“She is such a strong woman,” Bova said. “She never lost sight of the fact that a lot of girls in her generation never had the opportunity. She fought hard for that when she was here at UNM. She didn’t shy away from anything. We were very fortunate to have her here.”

Bova says it wasn’t easy for Estes and remembers a meeting with a group that wanted to do away with athletics at UNM.

“She was speaking on behalf of the student-athletes and somebody made a horrible comment,” Bova said.

“She didn’t let it bother her,” Bova said. “She kept on going.”

Estes had to deal with critics who said she was out to ruin UNM athletics.

“It was awful,” Estes said. “It was hell. I just put on my boxing gloves and went to work.”

She had both allies and enemies.

She credits Ferrel Heady, UNM’s president at the time Title IX came into being, with taking the cause to the state Legislature.

“He announced, in 1973, in Santa Fe, they were going to put more money in women’s athletics,” she said. “That was a big step. President Heady was wonderful.”

But John Bridgers, UNM’s athletic director from 1979-87, and Estes were constantly at odds.

“The worst years of my athletic career,” Estes says, who insists the only thing the former Baylor football coach cared about was football.

Gary Ness eventually took over as AD and appointed Estes in charge of all sports other than football and men’s basketball.

In 1992, an outgoing, outspoken Rudy Davalos became athletic director and some feared he would clash with the outgoing, outspoken Estes.

“When Rudy Davalos came,” Bova said, “they took a walk, just the two of them, and talked. They became really good friends.”

“I loved Rudy Davalos,” Estes said. “The thing about Rudy is he is not afraid of strong women. He was married to a strong woman. I loved working for him. We didn’t always agree, but you knew exactly where you stood. They were the best nine years of my career.”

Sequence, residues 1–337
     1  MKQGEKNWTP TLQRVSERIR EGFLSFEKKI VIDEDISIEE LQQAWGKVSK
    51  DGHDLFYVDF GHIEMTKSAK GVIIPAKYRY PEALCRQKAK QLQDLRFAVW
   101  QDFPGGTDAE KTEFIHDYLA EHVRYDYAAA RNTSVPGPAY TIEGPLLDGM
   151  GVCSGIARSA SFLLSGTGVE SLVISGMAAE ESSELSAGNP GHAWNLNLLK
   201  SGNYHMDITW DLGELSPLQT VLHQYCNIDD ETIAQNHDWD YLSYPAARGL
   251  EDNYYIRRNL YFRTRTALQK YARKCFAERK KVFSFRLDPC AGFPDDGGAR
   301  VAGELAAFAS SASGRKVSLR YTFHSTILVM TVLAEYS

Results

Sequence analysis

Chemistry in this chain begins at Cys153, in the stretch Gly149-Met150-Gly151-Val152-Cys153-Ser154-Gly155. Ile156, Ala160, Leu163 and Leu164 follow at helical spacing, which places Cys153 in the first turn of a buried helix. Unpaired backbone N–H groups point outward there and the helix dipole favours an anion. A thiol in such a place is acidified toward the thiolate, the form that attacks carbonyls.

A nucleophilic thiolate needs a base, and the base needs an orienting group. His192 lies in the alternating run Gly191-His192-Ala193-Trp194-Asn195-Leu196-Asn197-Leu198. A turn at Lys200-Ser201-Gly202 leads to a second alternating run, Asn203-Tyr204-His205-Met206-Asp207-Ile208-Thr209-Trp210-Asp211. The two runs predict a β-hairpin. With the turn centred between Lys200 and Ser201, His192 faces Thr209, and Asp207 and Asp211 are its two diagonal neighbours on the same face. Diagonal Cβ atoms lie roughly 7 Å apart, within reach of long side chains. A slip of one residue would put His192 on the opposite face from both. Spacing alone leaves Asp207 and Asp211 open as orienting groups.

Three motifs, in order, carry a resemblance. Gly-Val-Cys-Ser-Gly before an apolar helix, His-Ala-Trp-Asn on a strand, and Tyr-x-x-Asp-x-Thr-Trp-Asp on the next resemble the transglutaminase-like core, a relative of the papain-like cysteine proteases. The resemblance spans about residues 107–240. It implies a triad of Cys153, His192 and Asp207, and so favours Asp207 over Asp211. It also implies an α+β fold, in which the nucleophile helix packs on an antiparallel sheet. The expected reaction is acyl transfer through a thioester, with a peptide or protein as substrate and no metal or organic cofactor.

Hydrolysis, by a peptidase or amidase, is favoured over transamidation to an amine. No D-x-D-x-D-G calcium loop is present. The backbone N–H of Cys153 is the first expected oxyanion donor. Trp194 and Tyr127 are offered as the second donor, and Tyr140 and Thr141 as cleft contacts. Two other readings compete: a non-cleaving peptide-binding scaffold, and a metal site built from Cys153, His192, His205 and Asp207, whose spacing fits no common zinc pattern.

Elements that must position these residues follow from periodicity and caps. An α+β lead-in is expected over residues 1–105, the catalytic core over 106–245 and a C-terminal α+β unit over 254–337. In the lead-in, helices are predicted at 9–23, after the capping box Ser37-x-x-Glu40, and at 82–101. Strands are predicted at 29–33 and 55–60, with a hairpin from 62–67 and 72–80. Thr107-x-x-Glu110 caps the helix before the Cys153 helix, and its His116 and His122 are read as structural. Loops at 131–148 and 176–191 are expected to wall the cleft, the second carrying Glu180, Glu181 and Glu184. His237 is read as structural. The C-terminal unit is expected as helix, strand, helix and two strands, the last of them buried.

Meanwhile, Estes had been grooming Janice Ruggiero, a former Lobo basketball player she had plucked out of the business world and into the world of college athletics.

Ruggiero now has Estes’ title, but is the first to say Estes can never be replaced. She still relies on her mentor’s advice from time to time.

Estes now lives in Koloa, Hawaii, where she plays golf and dabbles for the Democrats.

She had a chance to meet Patsy Mink, a Hawaiian and the driving force behind Title IX, before Mink died.

“She talked about how she’d always wanted to go to medical school,” Estes said. “She went to college and was at the top of her class. She applied to 10 medical schools, and they all wrote back and said they were not taking any women (that) year.

“I bet they wish they had, because she went to law school and became an advocate. She didn’t even think about athletics. It was a byproduct.”

But Estes did think about athletics and became a pioneer.

“We have many heroes in our state,” Ramo said, “and Linda is one of them.”

To mark the 40th anniversary of Title IX this weekend, Estes planned to go out and have a glass of champagne.

“I hope I’m around when it hits 50,” she says.
— This article appeared on page D8 of the Albuquerque Journal